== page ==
The most abundant fossil fuel in the United States, coal fuels nearly half of the power plants in the country. And, in many countries, coal is still the primary source of fuel. However, with the threat of global warming, many people worry about the negative effects of burning coal for energy. In fact, there are numerous advantages and disadvantages of using coal as an energy source.
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Coal is the world's largest source of energy for a reason: it is readily available. North America alone contains 272,569 million short tons of coal reserves, according to the U.S. Energy Information Administration.
Coal, like all fossil fuels, is a nonrenewable resource. What we know as coal, today, started out as dead plant matter, and took millions of years to compress into its current form. We can eventually use up all of the coal reserves, and it would take millions of years to make more.
Much of the coal used for energy today, especially in the United States, is cleaned of impurities after it is mined, reducing some sulphur and nitrogen oxide emissions. In addition, many power plants employ mechanical "scrubbers" that partially desulfurize the gas, prior to release into the environment. However, neither of these techniques fully, or even mostly, eliminate harmful coal emissions.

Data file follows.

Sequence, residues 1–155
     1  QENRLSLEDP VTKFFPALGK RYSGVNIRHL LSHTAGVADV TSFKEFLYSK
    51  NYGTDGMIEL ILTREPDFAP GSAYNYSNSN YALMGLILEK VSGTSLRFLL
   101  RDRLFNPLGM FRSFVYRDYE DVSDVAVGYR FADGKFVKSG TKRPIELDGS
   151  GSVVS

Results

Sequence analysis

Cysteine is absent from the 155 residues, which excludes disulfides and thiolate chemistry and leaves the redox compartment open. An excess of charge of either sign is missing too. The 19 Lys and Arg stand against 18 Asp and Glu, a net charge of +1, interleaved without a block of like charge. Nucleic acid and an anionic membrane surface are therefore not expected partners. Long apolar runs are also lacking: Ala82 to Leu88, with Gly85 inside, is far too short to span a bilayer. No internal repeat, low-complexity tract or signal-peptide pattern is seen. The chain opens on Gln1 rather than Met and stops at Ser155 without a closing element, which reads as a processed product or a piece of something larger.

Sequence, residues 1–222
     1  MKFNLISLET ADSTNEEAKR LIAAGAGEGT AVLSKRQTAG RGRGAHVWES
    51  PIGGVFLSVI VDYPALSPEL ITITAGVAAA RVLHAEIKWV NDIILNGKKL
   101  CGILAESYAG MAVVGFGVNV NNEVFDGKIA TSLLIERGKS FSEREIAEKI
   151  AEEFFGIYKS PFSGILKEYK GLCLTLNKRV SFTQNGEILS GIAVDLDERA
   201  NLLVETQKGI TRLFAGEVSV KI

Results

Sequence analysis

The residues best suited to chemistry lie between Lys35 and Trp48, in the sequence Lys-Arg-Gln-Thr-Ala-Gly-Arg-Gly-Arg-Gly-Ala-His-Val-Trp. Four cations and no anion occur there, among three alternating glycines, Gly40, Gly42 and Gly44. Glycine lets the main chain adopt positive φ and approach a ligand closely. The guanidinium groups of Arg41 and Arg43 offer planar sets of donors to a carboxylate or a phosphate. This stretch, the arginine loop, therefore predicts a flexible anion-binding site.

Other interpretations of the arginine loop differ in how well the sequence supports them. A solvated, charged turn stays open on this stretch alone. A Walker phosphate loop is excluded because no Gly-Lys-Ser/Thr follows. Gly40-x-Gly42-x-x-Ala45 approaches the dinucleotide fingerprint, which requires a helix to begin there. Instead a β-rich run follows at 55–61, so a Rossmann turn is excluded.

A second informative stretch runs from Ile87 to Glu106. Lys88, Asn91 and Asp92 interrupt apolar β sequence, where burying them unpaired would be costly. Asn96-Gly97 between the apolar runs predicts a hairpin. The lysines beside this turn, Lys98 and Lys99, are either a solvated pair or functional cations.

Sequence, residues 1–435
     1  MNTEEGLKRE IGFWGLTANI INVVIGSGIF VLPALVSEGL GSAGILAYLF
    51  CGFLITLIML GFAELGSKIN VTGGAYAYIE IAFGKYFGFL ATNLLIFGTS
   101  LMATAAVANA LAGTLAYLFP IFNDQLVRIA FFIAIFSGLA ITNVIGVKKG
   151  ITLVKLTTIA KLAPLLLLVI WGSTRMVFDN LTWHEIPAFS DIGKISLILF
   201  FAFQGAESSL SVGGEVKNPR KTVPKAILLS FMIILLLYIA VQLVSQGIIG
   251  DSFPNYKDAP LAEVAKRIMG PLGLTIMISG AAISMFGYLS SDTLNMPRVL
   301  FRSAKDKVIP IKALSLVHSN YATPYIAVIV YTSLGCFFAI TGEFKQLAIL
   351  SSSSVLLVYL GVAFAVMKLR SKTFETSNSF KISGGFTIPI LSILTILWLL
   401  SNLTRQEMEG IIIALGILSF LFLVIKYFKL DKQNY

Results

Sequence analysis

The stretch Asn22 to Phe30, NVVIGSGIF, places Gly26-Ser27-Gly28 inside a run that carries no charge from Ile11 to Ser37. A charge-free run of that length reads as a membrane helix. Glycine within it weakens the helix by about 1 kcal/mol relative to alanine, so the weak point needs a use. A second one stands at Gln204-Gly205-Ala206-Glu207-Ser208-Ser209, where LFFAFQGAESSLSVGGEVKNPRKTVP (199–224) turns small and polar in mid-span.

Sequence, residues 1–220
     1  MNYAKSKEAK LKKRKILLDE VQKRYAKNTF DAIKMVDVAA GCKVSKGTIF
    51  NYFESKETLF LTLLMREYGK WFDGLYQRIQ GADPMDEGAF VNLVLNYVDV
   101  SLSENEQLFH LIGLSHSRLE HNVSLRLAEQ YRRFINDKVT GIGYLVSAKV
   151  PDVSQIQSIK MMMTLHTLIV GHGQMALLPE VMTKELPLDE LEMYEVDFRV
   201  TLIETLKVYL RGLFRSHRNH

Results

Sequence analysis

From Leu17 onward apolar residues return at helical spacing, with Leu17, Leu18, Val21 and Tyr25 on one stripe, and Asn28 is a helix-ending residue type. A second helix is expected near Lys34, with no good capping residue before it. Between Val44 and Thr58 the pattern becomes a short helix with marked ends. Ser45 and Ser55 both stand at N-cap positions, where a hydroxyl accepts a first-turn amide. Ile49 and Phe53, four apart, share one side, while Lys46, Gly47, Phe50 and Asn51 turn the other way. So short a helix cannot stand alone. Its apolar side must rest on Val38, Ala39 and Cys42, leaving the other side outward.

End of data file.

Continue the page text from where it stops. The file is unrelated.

When coal is burnt, it does release several harmful emissions, including sulphur dioxide, nitrogen oxides, carbon dioxide, mercury and particulates. These chemicals in the air variously contribute to acid rain, the greenhouse effect, respiratory problems in humans and, in the case of mercury poisoning, neurological damage.
Coal is the world's cheapest source of energy, and has been for quite a while. As of 2010, coal in the United States, on average, costs only £20 per short ton, compared to £1.90 for only a gallon of gasoline. In addition, as of 2010, it costs only £1.4 to generate 1 million Btu of energy by burning coal, compared to £8.70 by burning petroleum liquids and £3.10 by burning natural gas.
The actual process of mining coal, especially surface mining, often causes significant damage to the environment. In addition to the damage done to the landscape---clearing away trees and tearing up the ground---surface mining has been known to contaminate streams, even entire watersheds. Also, coal mining has long been linked to hypertension, kidney disease and, most notably, respiratory illnesses--like black lung disease and emphysema--not only among miners, but also among those who simply live near mining operations.
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- U.S. Energy Information Administration: Coal
- U.S. Energy Information Administration: Electric Power Monthly: August 2010
- U.S. Energy Information Administration: Energy Kids: Coal Basics
- U.S. Energy Information Administration: Petroleum
- ScienceDaily: Chronic Illness Linked To Coal-Mining Pollution, Study Shows